The important work of kissing John (as he repeatedly presents me with his cheek), affirming John, delving into John's interests and introducing him to mine (hello, Starbucks), generally being a good friend to John is laying the foundation for him to establish healthy and intimate bonds in the future. I am parenting with John's future wife, children, and close friends in mind. I want my boy to understand how to love them well.

More than that, I know that I am (as Sally puts it) "instilling in [John] a deep experience of God by modeling his unconditional love and acceptance" (p. 131). I am John's first teacher of what God is like. I can either fail miserably at this by being demanding, a nag, easily angered, and keeping a record of his wrongdoings OR I can provide John with the security of knowing a loving, patient, and gracious mama who models God's love and acceptance toward him. I long to provide my boy the latter.

Even now, John and I carry on daily (strange) conversations. He is deeply interested in the alphabet, so we talk about "the sticky letters" (vowels) as he proudly names all five of them and tells me about all the cartoon characters who love vowels. We frequent coffee shops and draw/color shapes together. John is proud that he's learning the difference between hexagons and octagons. He also loves it when I tell him what letter all of his favorite people's names start with. We talk as we push trains across the kitchen "chicken" floor (and "couple them up") about which trains are strong, which are smart, and which are working together as a team. We talk about who will top John's over-priced birthday cake this year and we clap loudly and wildly and laugh uncontrollably when John tee-tees in the potty. Every single day, we chat about what we'll do together outside when the weather warms - visit the tigers at the zoo, fly his first kite, go swimming; this is our favorite topic of conversation! We sit and thank God together for each other, for Daddy, for horses, letters, numbers, and shapes, for fries and ketchup, for bagels and cream cheese "sauce" (our picky eater's current obsession). We affirm each other. At first, I did all the affirming: "John, I love you," "Of all the two-year-olds in the world, Mama chooses you," "You are my favorite, John. You're my best friend." And my favorite, which I breathe in John's hearing several times daily, "Thank you, God, for John." Nowadays I am beginning to hear my son affirm his love for me with deep affection and lots of hugs and kisses. This mom life is wonderful!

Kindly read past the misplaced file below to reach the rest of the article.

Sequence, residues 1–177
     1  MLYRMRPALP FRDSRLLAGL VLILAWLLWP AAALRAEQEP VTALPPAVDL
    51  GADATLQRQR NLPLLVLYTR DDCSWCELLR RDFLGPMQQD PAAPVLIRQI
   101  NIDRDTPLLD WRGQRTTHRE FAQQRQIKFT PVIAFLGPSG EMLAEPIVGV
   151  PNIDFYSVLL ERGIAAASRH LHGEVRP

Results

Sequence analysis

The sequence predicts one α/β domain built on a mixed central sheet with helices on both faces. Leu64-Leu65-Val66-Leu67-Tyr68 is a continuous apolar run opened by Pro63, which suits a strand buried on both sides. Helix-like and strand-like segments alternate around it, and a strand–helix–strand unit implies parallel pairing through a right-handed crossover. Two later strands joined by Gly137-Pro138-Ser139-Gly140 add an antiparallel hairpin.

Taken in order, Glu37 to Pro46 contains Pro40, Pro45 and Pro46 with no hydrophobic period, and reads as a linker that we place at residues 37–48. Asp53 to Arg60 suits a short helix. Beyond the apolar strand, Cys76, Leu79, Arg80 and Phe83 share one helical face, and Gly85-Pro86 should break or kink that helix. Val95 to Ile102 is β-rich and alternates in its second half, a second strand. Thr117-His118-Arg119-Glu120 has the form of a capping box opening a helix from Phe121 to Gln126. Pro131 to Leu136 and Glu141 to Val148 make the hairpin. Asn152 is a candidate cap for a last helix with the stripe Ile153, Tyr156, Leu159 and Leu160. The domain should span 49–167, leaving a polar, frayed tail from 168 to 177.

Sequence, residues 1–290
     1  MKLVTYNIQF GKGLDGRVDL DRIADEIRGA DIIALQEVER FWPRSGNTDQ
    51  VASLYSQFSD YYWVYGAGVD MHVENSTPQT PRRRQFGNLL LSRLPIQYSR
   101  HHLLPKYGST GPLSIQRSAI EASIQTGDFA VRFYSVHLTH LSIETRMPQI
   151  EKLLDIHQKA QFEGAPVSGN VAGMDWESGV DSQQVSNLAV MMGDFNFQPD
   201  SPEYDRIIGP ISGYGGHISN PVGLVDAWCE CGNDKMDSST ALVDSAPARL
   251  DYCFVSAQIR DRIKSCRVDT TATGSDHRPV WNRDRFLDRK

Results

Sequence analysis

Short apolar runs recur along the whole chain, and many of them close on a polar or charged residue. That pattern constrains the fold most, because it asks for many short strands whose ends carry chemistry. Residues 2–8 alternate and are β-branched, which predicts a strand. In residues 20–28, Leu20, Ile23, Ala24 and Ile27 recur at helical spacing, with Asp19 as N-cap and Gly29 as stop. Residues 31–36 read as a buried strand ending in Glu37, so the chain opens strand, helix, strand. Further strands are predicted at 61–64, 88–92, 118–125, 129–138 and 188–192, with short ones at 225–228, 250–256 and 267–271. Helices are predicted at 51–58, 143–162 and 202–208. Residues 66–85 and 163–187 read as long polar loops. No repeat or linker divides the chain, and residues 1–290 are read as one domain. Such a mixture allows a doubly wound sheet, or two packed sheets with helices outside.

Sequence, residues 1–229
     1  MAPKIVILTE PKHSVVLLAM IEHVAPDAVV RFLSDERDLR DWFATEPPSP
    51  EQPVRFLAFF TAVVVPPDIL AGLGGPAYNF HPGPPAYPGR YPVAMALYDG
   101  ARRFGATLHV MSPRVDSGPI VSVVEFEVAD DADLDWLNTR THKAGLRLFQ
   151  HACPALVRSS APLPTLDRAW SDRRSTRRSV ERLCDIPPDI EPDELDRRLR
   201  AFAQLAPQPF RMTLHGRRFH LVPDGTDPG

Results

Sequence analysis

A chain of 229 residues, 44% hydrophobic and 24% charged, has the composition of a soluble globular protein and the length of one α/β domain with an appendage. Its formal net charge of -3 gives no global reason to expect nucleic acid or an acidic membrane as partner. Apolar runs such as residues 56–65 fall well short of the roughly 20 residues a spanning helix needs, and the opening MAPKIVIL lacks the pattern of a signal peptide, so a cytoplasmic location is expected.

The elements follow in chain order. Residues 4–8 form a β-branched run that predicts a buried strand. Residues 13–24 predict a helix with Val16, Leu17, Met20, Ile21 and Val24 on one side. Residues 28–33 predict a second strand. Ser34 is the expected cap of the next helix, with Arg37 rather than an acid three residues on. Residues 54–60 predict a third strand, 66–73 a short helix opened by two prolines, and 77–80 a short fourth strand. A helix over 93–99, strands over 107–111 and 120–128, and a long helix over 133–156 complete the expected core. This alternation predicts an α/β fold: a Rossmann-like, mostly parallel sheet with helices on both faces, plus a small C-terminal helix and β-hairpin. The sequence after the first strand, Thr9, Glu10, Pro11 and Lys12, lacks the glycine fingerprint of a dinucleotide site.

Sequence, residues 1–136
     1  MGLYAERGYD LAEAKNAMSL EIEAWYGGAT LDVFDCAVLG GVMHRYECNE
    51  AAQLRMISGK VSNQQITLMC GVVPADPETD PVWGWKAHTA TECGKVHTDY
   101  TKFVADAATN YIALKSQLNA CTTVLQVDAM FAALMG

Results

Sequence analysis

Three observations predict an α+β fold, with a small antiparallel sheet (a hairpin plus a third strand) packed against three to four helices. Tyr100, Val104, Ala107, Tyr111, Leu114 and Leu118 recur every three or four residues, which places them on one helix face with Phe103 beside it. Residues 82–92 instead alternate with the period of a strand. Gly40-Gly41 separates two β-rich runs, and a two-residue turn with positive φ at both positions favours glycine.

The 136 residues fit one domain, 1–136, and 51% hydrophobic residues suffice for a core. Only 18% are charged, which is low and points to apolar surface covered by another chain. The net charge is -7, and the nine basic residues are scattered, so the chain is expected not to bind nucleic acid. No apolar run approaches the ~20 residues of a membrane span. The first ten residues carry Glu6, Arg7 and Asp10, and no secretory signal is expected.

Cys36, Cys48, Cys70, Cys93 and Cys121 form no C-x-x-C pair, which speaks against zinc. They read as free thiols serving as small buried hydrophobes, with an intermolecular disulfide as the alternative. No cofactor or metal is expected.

... A man reaps what he sows. (Galatians 6:7)

Much of my time spent with John and many of our conversations look and sound nothing like the deep heart encounters that I imagine our future holding. I am laying the foundation. I am sowing into my boy now the kind of relationship I hope to reap our whole lives long. Love. Encouragement. Humility. Vulnerability. Grace. Affection. Deep commitment. These are words that I hope describe John and Mama as long as we live.